Simple Flatlay Tutorial
I incorporate flatlays into my instagram feed (@chanelgphoto) on a pretty regular basis. I see them as a way to give people insight into my personality by incorporating things I love, including books I'm currently reading, recent purchases, and items that speak to the essence of me. I've decided to share a few tips here for anyone interested in getting better at flatlays. I'm by no means an expert, but if I can help someone who may find flatlays difficult to execute with the little bit that I do know, then I'm alright with that :)
First, a few general tips:
- Lighting seriously makes ALL the difference. I personally use natural light from a big window in my room.
- There are many different ways you can create a backdrop for your flatlay. Blankets, rugs, and flooring are all affordable options.
- Taking your photo in an app, such as VSCOcam (my personal favorite) helps a ton. You can use the grid to help make sure your lines are straight, and edit immediately after taking the photo without having to move it from one location in your phone to another.
The first step in my process is deciding on the overall mood of my image.
I like to tell stories with my images, so deciding on a mood is essential. For this image, I wanted to convey a sultry mood with a touch of coziness. The question I asked myself first was: "what items would I think are essential to getting ready for a date?" Then I built my flatlay with the goal of answering that question.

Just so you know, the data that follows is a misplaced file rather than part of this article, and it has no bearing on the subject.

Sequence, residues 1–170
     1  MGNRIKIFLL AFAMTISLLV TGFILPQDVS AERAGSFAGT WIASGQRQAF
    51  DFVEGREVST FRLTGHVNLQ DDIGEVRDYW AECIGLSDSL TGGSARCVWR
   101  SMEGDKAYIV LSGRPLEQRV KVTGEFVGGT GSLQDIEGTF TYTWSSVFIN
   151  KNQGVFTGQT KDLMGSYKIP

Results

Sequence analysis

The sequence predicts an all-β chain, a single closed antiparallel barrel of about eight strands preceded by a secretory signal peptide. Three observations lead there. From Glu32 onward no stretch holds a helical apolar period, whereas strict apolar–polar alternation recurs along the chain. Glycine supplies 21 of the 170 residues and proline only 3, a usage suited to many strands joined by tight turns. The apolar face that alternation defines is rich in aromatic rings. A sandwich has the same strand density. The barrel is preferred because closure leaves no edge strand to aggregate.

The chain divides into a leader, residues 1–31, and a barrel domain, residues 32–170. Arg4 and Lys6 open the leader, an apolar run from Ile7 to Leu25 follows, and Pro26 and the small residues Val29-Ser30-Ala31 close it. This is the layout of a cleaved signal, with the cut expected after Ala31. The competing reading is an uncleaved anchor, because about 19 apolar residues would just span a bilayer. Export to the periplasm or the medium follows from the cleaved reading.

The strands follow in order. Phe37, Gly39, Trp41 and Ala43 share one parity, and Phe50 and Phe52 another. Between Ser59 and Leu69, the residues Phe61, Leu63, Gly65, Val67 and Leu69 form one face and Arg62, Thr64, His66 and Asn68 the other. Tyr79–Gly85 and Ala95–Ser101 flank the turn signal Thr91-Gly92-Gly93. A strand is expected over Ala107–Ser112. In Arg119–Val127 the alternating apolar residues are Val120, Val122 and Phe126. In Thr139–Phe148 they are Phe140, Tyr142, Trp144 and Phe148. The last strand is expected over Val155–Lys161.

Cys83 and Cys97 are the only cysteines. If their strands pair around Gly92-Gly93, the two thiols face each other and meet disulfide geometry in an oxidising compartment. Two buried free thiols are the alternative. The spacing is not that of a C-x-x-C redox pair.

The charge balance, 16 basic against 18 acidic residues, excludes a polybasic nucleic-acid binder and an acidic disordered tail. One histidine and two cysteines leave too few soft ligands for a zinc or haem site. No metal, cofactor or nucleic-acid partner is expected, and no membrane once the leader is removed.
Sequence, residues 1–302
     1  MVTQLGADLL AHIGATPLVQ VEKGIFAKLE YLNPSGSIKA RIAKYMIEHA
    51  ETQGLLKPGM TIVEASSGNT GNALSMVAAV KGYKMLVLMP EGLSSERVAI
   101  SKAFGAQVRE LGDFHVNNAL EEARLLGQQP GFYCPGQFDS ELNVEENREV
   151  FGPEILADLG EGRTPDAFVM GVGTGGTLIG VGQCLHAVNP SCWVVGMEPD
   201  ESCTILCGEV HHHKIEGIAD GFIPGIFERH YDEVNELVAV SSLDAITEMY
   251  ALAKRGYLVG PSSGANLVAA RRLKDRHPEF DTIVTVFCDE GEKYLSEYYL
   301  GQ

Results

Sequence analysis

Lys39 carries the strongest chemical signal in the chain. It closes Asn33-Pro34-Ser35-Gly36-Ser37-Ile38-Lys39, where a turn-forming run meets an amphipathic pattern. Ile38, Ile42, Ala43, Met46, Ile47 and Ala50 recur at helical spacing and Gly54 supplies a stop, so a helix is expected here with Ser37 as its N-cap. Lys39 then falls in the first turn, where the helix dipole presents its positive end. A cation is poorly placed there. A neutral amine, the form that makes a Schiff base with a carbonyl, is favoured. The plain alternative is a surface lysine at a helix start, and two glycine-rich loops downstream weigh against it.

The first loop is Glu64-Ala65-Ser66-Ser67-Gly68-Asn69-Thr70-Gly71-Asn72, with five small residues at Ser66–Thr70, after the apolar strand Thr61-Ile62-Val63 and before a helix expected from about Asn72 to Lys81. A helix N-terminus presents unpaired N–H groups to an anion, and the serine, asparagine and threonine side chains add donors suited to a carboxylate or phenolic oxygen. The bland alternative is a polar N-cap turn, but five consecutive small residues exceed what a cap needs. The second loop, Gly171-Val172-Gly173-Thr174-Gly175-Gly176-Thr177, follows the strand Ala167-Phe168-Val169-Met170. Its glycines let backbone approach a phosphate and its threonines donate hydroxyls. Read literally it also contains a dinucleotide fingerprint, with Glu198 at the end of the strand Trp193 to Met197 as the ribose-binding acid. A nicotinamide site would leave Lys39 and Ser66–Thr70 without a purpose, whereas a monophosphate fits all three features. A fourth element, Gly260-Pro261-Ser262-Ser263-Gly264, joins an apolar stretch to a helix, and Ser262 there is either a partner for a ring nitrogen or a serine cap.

Gather the items that will be used in the flatlay.
Next, I start scouring my surroundings for the items I'll use to tell the story. Usually I'll already have an object or 2 that originally sparked the theme in my mind, so I'll build around those items.
Start construction on your flatlay.
I start arranging items in a way I find attractive. I try to keep the frame feeling balanced and avoid having empty spots. Including negative space in your flatlay can be effective, but having what I call "bald spots" that are unintentional can bring down the overall attractiveness of your flatlay.
Take a photo & see how it looks.
Snap a pic of your flatlay "rough draft", so to speak, and see how it looks in-camera. This helps to see those bald spots you may not have noticed with your naked eye. In this flatlay, I felt like there wasn't enough texture/dimension so I decided to include a blanket in the corner underneath the candle. It not only brought in that texture I was missing, but it also added to the overall mood of the flatlay.
Take & edit your final photo.
This is where your in-camera grid comes in handy. Try to keep horizontal and vertical lines straight while taking the photo. This will keep your image from looking tilted and like the items are gonna slide right out of the frame at any moment. I like to take my image with plenty of room around the actual layout in the frame so I can crop in and straighten during editing without having to worry about any of my items being chopped unintentionally.
I edit my photos first in VSCO using my favorite filter(s) + a few basic edits, then copy and paste the image into Snapseed (another great app) for a few more in-depth edits. And VOILA! I now have my final flatlay image ready to share on instagram or integrate into a blog post.
Flatlays aren't always the easiest concepts to get started with, but if you keep practicing and playing around you'll find what works for you. Once you get the hang of it, it's pretty fun to come up with an idea & figure out how to execute it. It's a challenge, but the main thing to remember is to have fun and let your creativity flow!